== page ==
Kevin Slowey crafted his second straight Quality Start, after allowing eight runs on ten hits in just three innings back on June 8th. This time he allowed a total of seven hits, six for singles, over six innings of work. The one hit that wasn’t a single was a homer, luckily just a solo, in the 5th inning. It’d be one of the two runs the Nationals would score. Slowey walked two but also struck out four, helped his cause with a pick off,  and was relieved by Jesse Crain. The same Jesse Crain that had a 4.50 ERA exactly one month ago, the same Jesse that has since brought his ERA down to 2.93 with a great month of June. It’s not yet over but to this point he’s allowed just four hits in ten and 2/3 innings of work. The only run he’s allowed this month came on a solo homer in that horrible White Sox series a week ago. It’s nice that he’s been able to take over the “go-to reliever if Matt Guerrier has pitched recently” role with ease.

Speaking of go-to, or rather who not to go to, Juan Rincon declined his assignment to AAA and elected to become a free agent. Good riddance, and I’ll leave it at that.

 

On to the offensive side of last night’s game, well where to start? Every player who had a chance to bat ended up scoring a run, with Alexi Casilla and Michael Cuddyer being the only hitters to not get a hit. Brendan Harris had a double and a triple but got just one RBI and one run scored. He also made a fielding error, just his first at SS this season, and it seems like he feels a lot more comfortable over there than at second. Not to mention, Casilla’s doing pretty dang well on the right side of the diamond.

Justin Morneau provided the big hits, tallying three RBI with his two singles. Brian Buscher drove in two with a single of his own, in the 9th. Buscher’s hitting .333 in just 21 at-bats this season, but expect to see more of him soon. According to my good friend Thor Nystrom, who talks to players and coaches to get the good dirt, Ron Gardenhire is planning on using the “three-headed…third baseman” approach. I don’t think Mike Lamb, Matt Macri, and Buscher can combine into a lion, or dragon, or some super-human being, so we have to settle with a three-headed third baseman. Hey, it scores us points in the “which team has the best oddities?” category. Lamb hasn’t met expectations, offensively, at all, so it doesn’t bother me too much to try out Macri and Buscher at the hot corner.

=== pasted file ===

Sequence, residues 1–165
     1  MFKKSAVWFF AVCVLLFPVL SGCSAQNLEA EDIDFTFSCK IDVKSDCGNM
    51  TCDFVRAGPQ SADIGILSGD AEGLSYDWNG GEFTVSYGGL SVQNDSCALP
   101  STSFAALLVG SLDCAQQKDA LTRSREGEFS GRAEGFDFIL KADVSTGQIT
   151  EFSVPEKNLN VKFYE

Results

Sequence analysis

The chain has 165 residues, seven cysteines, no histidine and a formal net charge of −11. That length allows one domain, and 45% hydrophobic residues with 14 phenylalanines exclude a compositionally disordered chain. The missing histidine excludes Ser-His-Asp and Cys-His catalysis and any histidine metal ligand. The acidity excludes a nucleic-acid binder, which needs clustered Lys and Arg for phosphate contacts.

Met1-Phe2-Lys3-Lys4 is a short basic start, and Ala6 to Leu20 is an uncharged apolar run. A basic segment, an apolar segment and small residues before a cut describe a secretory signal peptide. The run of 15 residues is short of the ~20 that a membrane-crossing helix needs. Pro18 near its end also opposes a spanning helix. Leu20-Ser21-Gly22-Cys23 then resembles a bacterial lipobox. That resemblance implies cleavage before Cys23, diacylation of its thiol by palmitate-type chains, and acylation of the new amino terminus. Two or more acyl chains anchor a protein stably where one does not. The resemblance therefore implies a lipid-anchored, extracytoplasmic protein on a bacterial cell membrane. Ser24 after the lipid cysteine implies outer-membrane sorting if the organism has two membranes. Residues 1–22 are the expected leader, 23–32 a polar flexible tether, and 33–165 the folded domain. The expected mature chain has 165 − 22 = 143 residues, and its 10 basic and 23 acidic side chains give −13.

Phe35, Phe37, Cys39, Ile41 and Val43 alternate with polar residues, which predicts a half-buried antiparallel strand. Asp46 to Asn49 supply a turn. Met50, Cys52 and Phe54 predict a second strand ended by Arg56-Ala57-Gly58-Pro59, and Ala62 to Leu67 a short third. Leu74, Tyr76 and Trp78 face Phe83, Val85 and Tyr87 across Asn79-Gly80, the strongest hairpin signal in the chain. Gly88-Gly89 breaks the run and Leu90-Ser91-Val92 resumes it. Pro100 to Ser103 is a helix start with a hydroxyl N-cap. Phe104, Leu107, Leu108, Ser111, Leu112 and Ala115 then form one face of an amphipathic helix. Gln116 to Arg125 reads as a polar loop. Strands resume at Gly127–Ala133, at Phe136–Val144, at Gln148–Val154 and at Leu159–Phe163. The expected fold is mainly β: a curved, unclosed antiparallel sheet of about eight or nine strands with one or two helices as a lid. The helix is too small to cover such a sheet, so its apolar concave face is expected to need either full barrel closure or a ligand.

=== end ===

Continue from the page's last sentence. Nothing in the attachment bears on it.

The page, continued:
Delmon Young had a pretty interesting night, getting outs in his first two at-bats on a total of two pitches. Yet, in his next two at-bats, he saw a total of eight pitches and drew two walks. If you want to discuss the possible outcomes of an at-bat, Delmon’s first four (or, at least, one out of each pair of two) pretty much cover the most extreme circumstances. For what it’s worth, in his last at-bat he hit his 13th double of the year down the right-field line, scoring two garbage runs (the score was 9-1 after his hit).

 

The team was also helped by three Washington errors and a total of seven walks.

 

My plan for the three boxes on the right-hand sidebar is to update them each at the end of a series, because it gets surprisingly difficult to keep up with it daily, and one update every three or four games can still give you a good idea of how they’re doing it.

 

The Twins, back at .500, go for a sweep of the Nats today with Glen Perkins taking the mound. The game starts at 12:10 but check for the Twins Squeeze Play later on tonight, with a 30-minute condensed version of the game.

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